1915-2015: Comparing a Century of Barbarity with 'Nakba'
Bshara Nassar -- a self-described "peacebuilder and social entrepreneur, a graduate of Bethlehem University, Palestine," with "a master's degree in Conflict Transformation from Eastern Mennonite University" -- leads a campaign for a "Nakba Museum Project of Memory and Hope" in order to "bring the Palestinian refugee story to Washington, DC."
The campaign, supported by Nonviolence International with Nakba Museum and Indiegogo, a crowd-funding organization, was launched in 2014 and seems to enjoy some popularity. A would-be parallel between "Nakba" (the dislocation of Palestinian Arab society in the wake of the Arab-Israeli war of 1947-1948) and the Holocaust (the genocide of Jews operated by Nazi Germany) has been, for decades, a recurrent trope in the anti-Israel narrative. Concurrently, many anti-Israel activists, especially in the Islamic world, claim the Holocaust to be a hoax, while many others urge a "new Holocaust" or a "real Holocaust" against present-day Jews in Israel or elsewhere.
A Nakba museum in Washington, D.C., ideally in the vicinity of the U.S. Holocaust Memorial Museum, would be the culmination of such a parody. The U.S. federal government would likely never approve of such a project. However, a privately funded museum would be another matter, unless public outcry prevents it.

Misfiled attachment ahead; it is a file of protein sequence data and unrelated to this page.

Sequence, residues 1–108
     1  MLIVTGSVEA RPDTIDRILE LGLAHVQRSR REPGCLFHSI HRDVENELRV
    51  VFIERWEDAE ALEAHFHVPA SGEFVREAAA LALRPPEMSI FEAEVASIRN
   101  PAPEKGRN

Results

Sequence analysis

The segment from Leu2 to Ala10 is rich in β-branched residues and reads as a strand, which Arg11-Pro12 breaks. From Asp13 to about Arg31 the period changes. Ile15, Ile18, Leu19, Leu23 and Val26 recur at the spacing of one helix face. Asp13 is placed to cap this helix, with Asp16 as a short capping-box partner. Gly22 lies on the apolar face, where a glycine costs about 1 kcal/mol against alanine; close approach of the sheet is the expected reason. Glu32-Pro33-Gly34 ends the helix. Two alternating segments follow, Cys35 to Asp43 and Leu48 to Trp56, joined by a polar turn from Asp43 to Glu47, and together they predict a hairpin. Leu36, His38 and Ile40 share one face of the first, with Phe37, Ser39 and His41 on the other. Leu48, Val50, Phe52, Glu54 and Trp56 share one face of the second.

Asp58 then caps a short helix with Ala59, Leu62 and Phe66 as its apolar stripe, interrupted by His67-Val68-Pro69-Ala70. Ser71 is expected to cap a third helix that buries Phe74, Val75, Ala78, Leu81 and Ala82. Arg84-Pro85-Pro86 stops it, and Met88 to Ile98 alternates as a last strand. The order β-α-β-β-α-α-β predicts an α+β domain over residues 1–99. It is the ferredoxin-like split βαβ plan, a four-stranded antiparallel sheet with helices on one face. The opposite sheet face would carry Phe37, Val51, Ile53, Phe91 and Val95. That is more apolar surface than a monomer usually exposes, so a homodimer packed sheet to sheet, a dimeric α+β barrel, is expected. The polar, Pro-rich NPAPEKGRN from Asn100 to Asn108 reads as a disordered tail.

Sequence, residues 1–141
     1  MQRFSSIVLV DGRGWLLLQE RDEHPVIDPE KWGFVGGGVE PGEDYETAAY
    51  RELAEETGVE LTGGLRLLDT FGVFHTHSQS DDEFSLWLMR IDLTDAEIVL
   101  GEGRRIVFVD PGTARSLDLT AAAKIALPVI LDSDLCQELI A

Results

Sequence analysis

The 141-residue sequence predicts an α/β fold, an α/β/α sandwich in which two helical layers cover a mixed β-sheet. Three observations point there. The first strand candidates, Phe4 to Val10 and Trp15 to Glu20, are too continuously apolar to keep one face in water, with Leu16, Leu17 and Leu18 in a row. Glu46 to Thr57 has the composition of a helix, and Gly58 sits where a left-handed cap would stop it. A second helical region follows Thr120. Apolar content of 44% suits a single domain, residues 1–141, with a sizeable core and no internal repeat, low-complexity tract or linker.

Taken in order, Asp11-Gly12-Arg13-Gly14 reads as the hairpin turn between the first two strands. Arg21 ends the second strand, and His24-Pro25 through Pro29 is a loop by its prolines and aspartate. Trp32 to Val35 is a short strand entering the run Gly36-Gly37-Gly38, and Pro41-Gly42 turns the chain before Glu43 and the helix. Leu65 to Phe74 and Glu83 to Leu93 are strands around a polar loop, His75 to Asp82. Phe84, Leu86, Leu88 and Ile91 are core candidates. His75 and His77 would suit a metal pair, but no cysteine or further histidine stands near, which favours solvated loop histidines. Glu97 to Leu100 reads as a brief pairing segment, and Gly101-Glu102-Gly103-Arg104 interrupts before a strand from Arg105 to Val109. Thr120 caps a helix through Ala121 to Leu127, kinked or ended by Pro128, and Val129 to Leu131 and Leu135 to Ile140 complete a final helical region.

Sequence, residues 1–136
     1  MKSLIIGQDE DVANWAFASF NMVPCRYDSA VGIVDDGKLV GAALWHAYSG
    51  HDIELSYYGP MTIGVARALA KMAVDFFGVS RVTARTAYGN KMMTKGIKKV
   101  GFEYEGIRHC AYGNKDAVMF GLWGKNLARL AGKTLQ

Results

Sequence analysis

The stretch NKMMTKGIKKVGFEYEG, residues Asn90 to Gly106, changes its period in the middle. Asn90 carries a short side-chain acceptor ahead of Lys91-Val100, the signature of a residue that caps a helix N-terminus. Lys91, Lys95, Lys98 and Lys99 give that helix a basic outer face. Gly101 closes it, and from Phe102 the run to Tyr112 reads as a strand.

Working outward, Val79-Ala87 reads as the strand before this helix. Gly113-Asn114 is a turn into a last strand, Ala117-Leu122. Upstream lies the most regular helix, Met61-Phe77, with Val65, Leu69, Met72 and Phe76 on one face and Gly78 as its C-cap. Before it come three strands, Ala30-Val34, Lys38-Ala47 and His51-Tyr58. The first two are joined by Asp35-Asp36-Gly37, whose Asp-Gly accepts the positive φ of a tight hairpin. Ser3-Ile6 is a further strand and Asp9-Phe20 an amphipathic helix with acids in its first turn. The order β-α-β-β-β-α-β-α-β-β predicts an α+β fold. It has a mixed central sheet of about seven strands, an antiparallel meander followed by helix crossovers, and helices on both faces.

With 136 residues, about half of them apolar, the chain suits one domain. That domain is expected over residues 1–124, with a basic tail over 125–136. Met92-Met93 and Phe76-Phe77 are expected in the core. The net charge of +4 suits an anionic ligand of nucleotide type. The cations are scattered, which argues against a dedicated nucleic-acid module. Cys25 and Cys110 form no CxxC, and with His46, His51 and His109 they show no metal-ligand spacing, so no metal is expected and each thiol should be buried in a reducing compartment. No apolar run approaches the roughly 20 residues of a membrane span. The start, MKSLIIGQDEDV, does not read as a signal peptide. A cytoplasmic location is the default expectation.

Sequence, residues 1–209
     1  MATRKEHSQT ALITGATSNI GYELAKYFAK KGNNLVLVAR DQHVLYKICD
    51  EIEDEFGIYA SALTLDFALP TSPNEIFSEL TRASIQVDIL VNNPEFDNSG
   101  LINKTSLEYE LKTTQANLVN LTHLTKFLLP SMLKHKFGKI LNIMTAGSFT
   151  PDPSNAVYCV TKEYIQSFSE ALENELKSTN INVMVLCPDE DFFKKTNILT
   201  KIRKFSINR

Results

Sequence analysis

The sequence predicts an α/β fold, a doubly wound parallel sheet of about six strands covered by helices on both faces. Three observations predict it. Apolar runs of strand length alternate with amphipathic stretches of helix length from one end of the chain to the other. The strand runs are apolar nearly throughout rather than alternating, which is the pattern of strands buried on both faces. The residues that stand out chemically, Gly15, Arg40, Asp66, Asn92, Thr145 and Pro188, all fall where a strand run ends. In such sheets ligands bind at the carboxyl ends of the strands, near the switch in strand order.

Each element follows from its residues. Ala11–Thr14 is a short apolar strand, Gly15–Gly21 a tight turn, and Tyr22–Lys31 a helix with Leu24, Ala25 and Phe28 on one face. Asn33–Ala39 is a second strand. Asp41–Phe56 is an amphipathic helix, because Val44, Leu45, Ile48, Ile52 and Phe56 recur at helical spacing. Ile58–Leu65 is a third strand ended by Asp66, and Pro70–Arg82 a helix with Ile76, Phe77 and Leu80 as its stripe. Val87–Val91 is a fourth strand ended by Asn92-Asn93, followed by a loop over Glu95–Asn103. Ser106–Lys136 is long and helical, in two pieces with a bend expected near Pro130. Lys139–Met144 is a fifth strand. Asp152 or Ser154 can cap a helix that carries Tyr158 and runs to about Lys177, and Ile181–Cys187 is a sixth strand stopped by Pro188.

A lot of tragedies befell civilian populations over the past hundred years, as a result of war, civil war, revolution, or other political or social upheaval. Many were cynically and deliberately engineered by governments or the military; the mass murder of Armenians in the Ottoman Empire paved the way. Many were planned and implemented along near-industrial methods. Still, there was something unique about the Holocaust, as the world realized in 1945, when the Nazi concentration camps were liberated.
Crime, including political crime and politically or militarily motivated mass murder, is usually a means to achieve some higher purpose or to bring about some practical benefit. For instance, the Ottoman rationale in 1915 was to "remove" the Armenian minority from Turkish Anatolia in order to prevent a pro-Russian Armenian uprising and to achieve geostrategic cohesion. They had no further racial or metaphysical concerns. The few Armenians who converted to Islam were spared; many Armenian orphans were adopted by Turkish families and raised as Turks.
As far as the Holocaust was concerned, however, crime was an end unto itself.